I could talk about all the horrible things - truly nightmarish things - that went down in hospital, but I won't for now. It was all for my good; I know that. Just wanted everyone to know I m still alive and expecting to get better. I won't be writing much - no desire at the moment.

Love all of your cards and letters and e-mails and little gifts and pleasant jokes and flowers. Hate the typos I have to go back and correct in every sentence, so I'm done for now.

Love you. God bless.


Friday, March 01, 2019

Final Pre-Operation Blog

Surgery is now firmly scheduled for Tuesday, March 5th.

My birthday is Saturday, March 2nd, and it's one of those odd birthdays in that I was actually born on a Saturday, sometime around 9:30 in the morning as I recall reading someplace.

In any case, it was nice of the surgeons to let me actually turn 62 before cutting me open. My Father was 62 when he died and even though my general habits of health haven't been tremendously better than his, I do believe my having played sports for about 20 years longer and carrying about 20 pounds less around my middle should have been worth something in longevity. We'll see.

Barring anything of an amazing nature, this will be the last blog post before the operation and quite possibly the last one after it for quite some time. If you want any updates, try Facebook.

I expect MY WIFE will post as needed.

Love you all. Thanks for the prayers.


Monday, February 25, 2019

Latest News

Had a visit with my cardiologist today. All is pretty much the same.

I left some of you with an incorrect impression last time. I thought today - the 25th - was my time for surgery. It was not. I am still not operated upon. My apologies for misleading you.

The surgery should come sometime in March. I still don't know the date. My guess would be around the 12th but it could be earlier and it could be later. My cardiologist, the very nice Dr. Maggs, would do the surgery now if he had more confidence in my not stroking out while under the knife. Therefore, I will continue with my Holter monitor, get the results from that sometime in early to mid-March, meanwhile taking a much higher dosage of high blood pressure meds than I was started on (since my HBP is still H).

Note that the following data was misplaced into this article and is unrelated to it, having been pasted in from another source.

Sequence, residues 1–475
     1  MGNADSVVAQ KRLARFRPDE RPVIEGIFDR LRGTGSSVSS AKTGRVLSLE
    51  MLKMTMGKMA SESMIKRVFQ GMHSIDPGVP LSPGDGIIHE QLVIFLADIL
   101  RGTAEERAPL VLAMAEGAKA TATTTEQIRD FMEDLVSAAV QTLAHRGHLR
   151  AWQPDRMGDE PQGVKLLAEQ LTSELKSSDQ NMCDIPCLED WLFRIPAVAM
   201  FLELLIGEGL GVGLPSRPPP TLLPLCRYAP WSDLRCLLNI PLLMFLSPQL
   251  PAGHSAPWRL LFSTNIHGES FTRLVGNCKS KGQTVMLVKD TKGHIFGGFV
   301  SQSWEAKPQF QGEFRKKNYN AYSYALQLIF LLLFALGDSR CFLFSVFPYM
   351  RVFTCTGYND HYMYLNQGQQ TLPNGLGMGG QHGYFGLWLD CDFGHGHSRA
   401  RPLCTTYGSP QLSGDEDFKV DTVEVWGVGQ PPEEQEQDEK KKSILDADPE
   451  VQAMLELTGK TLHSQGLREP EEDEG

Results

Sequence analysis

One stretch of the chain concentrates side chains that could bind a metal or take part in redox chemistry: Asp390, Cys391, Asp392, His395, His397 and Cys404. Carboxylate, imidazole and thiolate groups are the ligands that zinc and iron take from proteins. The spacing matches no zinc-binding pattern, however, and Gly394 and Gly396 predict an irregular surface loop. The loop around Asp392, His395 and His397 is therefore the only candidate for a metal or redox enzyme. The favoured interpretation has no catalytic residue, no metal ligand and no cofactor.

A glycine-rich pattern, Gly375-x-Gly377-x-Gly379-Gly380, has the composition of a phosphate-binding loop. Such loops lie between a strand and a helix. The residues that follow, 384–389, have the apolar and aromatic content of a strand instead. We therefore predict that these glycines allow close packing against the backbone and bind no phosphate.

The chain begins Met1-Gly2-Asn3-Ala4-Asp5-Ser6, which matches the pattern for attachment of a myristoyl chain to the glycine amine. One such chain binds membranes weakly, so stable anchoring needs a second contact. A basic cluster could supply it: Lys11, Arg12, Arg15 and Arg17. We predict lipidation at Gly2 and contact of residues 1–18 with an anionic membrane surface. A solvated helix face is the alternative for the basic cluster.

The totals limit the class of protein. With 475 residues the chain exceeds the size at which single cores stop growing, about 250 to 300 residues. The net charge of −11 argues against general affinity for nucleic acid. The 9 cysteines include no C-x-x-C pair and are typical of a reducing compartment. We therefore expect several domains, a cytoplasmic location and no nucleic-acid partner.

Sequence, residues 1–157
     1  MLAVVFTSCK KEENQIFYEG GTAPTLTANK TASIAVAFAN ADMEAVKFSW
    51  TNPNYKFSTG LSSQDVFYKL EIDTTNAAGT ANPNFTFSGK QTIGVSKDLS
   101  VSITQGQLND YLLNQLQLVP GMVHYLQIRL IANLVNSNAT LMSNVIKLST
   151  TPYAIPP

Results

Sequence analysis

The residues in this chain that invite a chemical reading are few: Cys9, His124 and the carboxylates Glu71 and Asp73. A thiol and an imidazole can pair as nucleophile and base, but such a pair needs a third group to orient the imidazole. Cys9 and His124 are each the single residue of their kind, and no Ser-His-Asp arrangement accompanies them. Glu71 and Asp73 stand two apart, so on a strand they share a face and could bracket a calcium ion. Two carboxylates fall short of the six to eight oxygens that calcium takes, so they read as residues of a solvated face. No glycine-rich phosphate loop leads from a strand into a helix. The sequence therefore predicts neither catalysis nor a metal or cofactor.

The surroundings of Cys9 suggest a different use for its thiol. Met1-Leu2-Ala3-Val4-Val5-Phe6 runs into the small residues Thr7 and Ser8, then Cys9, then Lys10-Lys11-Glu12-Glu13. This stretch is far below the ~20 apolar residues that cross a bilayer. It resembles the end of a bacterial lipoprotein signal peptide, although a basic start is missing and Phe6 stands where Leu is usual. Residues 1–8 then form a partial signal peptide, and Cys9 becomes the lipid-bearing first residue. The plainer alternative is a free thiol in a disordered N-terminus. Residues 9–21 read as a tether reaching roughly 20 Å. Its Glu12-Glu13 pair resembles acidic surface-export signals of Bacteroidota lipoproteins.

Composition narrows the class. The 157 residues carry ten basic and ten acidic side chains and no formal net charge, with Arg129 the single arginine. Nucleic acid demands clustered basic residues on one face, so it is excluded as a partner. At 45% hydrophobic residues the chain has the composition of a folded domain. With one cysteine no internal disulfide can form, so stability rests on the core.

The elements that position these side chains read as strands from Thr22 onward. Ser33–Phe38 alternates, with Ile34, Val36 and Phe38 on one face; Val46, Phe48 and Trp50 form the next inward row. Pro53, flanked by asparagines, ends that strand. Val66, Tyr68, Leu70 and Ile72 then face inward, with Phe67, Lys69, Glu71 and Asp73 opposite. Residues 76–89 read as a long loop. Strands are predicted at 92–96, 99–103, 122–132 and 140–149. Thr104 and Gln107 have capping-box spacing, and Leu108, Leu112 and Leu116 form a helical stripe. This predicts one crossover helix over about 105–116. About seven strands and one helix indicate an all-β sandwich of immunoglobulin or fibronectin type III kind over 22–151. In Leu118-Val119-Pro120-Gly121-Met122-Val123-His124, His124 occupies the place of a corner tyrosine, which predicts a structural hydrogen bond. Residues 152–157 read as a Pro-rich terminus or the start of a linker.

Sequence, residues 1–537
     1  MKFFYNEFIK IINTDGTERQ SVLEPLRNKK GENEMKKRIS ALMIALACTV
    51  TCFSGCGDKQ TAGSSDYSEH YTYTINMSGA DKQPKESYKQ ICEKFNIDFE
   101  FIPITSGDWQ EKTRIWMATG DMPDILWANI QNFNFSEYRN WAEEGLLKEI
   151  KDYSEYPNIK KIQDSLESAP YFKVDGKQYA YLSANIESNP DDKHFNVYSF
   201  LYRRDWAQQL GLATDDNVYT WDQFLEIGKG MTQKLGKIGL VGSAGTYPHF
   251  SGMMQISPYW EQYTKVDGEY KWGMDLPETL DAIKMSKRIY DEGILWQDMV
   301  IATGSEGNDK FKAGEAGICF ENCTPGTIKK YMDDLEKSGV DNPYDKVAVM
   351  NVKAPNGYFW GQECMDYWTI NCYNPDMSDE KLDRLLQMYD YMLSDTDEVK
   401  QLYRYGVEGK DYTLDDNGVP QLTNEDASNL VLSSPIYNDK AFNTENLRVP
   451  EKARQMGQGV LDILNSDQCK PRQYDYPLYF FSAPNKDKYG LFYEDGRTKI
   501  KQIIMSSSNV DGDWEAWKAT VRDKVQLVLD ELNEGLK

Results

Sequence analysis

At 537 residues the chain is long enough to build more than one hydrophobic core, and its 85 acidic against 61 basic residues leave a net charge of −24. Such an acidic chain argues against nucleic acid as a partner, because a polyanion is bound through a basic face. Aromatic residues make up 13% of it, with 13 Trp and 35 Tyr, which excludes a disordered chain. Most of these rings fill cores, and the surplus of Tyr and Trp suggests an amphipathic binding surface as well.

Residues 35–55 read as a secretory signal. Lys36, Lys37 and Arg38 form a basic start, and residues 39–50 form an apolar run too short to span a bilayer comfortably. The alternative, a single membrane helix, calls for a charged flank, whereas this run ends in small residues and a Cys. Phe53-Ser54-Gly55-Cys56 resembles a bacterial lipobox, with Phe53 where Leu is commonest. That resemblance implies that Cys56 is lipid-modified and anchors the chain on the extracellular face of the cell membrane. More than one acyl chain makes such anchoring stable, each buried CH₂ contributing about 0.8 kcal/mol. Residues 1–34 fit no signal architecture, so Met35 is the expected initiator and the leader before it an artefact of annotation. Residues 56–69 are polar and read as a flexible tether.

I have also been given a slightly higher scrip for anxiety, thank you.

That's about it. As soon as I find out the date for sure, I'll tell you.


Thursday, February 07, 2019

The Coxswain Says...

Stroke! Stroke!

That's my not very clever way of telling you I suffered a stroke last week (or, as it was said of my Aunt Anna back in the day of weird medical terminology, I took a shock.)

I awoke one day last week to find that my vision was compromised. I had (and still have) a blur of everything to my lower left side.

I found it odd but not "OH MY GOD!!!" alarming. I had a similar experience a couple of years ago, wherein I had what I would call "fragmented" vision in my left eye. At that time, I felt a little tired and I attributed it to that. I took a nap and awoke with it having returned to normal. Not so much this time. It did not go away after a couple of hours but I still was not horribly worried. I had none of the other things I associated with having had a stroke. No weakness in limbs, no facial distortion, I could smile, whistle, move everything just fine, had no trouble understanding language or speaking. Therefore, I assumed it was just something wrong with my eye. I went to see my eye doctor. I suspected it might somehow be a detached retina.

She performed every test available and there was nothing wrong with my eyes physically. The only test that came back with less than good result was one for peripheral vision acuity. That showed what I already knew - I now had a big blind spot on my left side, lower quadrant. All other vision was OK.